During the Taishō period, Yosano turned her attention to social commentary, with Hito oyobi Onna to shite (As a Human and as a Woman), Gekido no Naka o Iku (Going through Turbulent Times) and her autobiography Akarumi e (To the Light). Her commentaries tended to criticize Japan's growing militarism, and also promoted her feminist viewpoints. Her final work, Shin Man'yōshū (New Man'yōshū, 1937–39) was a compilation of 26,783 poems by 6,675 contributors, written over a 60-year period.


Midaregami is Akiko Yosano’s first collection of tanka (31 syllable poems, arranged in 5-7-5-7-7), published in 1901 and consisting of around 400 poems. The majority are love poems through which Akiko expresses her feelings towards Tekkan Yosano. It was through this particular collection that she set an image for herself as well as the stage for female voices in modern Japan. The poems tended to express femininity in a manner unconventional for her time, especially from a female writer.

In traditional Japanese views, women are seen as (and expected to be) gentle and modest. The domestic and societal roles of women focused on procreation and raising children (particularly boys). Midaregami not only expresses concepts and/or issues that pertain to women and are not normally voiced in such a public manner, but also created a new, revolutionary image of womanhood, as lively, free, sexual and assertive people, nothing at all like the conventional picture. Her women were not passive, but active agents of their love lives. So Midaregami posed a challenge to patriarchal society, as well as the familiar literary and cultural conventions of her time. Although Akiko Yosano’s work was denounced and severely criticized, it served as a great source of inspiration to women of her day.[citation needed]

As mentioned, these visual representations symbolize women’s sexuality.[citation needed] From these particular examples, the idea of nudity changed the way Japanese people viewed eroticism and female sexuality. Up until this point women’s breasts were a symbol for child feeding and motherhood. From then on they began to take on a different representation; that of natural beauty, of young women specifically. A door is opened for Japanese women to see new representations of sexuality and the female body.[citation needed]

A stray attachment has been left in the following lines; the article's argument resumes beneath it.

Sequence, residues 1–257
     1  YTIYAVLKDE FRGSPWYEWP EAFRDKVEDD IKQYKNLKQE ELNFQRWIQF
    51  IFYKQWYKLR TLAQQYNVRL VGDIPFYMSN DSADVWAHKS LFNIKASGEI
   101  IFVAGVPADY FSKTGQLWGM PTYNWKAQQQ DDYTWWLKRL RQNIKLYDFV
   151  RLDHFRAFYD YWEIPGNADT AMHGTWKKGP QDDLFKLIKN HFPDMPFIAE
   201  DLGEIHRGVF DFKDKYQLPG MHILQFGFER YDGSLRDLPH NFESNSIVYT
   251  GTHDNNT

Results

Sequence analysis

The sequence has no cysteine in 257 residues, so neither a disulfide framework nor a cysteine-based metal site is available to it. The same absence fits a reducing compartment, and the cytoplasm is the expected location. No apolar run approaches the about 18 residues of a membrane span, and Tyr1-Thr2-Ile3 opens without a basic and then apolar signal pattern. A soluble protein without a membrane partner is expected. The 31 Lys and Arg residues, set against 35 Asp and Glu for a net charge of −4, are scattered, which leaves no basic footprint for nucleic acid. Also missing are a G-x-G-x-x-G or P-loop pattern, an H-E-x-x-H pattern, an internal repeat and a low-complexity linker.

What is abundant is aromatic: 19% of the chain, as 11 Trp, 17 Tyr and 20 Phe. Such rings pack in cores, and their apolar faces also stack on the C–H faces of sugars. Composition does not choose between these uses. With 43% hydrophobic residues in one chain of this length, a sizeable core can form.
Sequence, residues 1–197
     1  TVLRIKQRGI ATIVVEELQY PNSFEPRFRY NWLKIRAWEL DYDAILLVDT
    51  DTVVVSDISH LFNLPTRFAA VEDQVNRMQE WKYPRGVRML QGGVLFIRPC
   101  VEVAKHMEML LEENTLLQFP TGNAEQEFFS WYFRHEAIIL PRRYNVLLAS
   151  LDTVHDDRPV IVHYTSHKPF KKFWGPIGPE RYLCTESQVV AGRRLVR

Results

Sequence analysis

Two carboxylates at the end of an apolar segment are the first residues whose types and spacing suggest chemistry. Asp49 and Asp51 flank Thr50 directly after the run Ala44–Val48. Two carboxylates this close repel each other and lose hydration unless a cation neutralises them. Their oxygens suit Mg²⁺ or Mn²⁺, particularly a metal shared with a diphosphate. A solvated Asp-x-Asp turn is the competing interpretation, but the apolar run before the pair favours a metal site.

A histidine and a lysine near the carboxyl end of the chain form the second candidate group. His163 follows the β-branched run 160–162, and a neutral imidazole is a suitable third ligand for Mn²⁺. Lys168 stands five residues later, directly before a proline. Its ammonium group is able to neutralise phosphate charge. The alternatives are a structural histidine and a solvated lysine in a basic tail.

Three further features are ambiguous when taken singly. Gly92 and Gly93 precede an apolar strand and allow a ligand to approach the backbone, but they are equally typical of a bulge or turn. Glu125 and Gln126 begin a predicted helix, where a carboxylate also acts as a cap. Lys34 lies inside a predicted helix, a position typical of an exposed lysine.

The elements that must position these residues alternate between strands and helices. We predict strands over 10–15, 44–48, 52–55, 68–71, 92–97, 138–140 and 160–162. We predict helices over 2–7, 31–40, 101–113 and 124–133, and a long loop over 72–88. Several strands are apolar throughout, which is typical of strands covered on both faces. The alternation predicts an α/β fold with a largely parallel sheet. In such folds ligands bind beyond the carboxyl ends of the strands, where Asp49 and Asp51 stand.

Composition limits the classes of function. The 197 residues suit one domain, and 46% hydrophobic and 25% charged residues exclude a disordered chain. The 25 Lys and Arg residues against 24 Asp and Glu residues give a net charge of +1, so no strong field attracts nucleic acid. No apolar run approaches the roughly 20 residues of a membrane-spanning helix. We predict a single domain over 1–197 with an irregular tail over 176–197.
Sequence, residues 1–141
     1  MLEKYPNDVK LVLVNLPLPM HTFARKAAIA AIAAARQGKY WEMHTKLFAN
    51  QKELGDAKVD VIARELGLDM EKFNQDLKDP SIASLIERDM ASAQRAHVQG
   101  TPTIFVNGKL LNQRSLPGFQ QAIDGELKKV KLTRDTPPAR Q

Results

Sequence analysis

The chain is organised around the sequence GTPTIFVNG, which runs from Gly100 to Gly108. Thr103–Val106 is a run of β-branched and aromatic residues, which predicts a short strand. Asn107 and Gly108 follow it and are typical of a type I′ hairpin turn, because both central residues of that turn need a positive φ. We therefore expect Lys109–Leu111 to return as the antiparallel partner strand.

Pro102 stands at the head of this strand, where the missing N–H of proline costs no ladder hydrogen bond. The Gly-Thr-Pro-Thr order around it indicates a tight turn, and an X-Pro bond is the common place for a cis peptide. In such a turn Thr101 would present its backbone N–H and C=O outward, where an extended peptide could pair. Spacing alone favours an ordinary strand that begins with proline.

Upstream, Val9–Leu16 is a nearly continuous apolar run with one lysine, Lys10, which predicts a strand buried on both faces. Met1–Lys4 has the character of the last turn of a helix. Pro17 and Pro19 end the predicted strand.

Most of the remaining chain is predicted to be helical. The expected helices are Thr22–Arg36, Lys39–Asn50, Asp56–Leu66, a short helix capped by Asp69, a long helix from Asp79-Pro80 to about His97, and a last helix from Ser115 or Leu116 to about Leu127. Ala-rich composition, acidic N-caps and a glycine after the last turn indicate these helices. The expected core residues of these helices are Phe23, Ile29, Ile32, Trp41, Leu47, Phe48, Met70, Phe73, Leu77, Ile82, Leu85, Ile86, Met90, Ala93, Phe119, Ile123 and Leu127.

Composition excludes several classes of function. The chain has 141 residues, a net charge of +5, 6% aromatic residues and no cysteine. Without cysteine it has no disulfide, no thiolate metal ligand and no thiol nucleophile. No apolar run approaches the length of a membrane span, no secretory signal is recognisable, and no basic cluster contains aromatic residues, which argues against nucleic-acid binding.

See also[edit]


  1. ^ Beichman, Janine (2002-01-01). Embracing the Firebird: Yosano Akiko and the Birth of the Female Voice in Modern Japanese Poetry. University of Hawaii Press. ISBN 9780824823474. 
  2. ^ Henshall, Kenneth (2013-11-07). Historical Dictionary of Japan to 1945. Scarecrow Press. p. 481. ISBN 9780810878723. 
  3. ^ Akiko, Yosano (2014-01-07). River of Stars: Selected Poems of Yosano Akiko. Shambhala Publications. ISBN 9780834829336. 
  4. ^ Arana, R. Victoria (2015-04-22). Encyclopedia of World Poetry. Infobase Learning. ISBN 9781438140728. 
  5. ^ Rodd, Laurel Rasplica (1991-01-01). "Yosano Akiko and the Bunkagakuin: "Educating Free Individuals"". The Journal of the Association of Teachers of Japanese. 25 (1): 75–89. doi:10.2307/488911. JSTOR 488911. 
  6. ^ Emmerich, Michael (2013-08-13). The Tale of Genji: Translation, Canonization, and World Literature. Columbia University Press. ISBN 9780231534420. 
  7. ^ Arana, R. Victoria (2008-01-01). The Facts on File Companion to World Poetry: 1900 to the Present. Infobase Publishing. p. 484. ISBN 9781438108377. 
  8. ^ George Haggerty; Bonnie Zimmerman (2000). Encyclopedia of lesbian and gay histories and cultures. Taylor & Francis. p. 823. ISBN 978-0-8153-3354-8. Retrieved 29 December 2011. 
  9. ^ Yosano, Akiko (2002-01-01). Tangled Hair: Selected Tanka from Midaregami. Cheng & Tsui. ISBN 9780887273735. 
  10. ^ a b c J. Thomas Rimer; Van C. Gessel (2005). Modern Japanese literature. Columbia University Press. pp. 333–334. ISBN 978-0-231-11860-6. Retrieved 29 December 2011. 
  11. ^ James L. McClain, Japan: A Modern History p 427 ISBN 0-393-04156-5